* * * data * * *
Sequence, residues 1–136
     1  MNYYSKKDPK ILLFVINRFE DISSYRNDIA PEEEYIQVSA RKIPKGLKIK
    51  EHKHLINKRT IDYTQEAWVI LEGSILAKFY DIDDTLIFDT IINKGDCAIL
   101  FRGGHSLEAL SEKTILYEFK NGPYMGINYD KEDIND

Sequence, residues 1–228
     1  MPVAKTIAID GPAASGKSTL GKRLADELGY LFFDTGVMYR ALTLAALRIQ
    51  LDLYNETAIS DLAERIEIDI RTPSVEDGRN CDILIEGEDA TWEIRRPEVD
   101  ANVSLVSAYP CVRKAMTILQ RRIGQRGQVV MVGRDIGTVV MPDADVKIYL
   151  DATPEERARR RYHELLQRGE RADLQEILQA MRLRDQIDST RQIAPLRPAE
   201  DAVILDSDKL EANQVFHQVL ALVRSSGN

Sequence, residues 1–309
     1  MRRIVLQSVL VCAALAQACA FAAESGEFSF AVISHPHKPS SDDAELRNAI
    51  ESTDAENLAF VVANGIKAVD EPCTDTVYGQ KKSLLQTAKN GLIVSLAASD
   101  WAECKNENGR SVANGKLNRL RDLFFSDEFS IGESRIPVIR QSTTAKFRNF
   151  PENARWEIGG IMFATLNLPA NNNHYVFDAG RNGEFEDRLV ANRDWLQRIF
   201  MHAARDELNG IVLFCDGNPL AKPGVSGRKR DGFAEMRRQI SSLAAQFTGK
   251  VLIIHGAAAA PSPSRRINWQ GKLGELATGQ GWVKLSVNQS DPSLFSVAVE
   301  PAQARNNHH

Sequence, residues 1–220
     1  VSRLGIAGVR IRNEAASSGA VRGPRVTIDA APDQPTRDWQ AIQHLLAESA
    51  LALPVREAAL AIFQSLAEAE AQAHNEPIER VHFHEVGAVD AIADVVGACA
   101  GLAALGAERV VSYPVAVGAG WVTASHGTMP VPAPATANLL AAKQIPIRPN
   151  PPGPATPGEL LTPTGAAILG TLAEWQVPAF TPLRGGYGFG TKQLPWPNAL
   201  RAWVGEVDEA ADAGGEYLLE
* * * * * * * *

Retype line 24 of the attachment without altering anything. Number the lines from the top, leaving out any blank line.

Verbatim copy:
   201  RAWVGEVDEA ADAGGEYLLE